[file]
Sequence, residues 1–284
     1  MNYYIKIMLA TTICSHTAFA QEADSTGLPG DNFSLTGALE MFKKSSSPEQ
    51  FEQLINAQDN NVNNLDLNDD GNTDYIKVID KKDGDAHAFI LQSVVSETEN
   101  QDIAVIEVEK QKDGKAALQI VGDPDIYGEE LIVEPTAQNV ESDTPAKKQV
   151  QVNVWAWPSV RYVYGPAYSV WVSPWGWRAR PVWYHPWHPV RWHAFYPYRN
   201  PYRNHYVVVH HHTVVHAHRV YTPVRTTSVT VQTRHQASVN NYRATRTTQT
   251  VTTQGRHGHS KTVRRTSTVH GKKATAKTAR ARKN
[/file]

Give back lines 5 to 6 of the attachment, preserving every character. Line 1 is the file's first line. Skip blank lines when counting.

   151  QVNVWAWPSV RYVYGPAYSV WVSPWGWRAR PVWYHPWHPV RWHAFYPYRN
   201  PYRNHYVVVH HHTVVHAHRV YTPVRTTSVT VQTRHQASVN NYRATRTTQT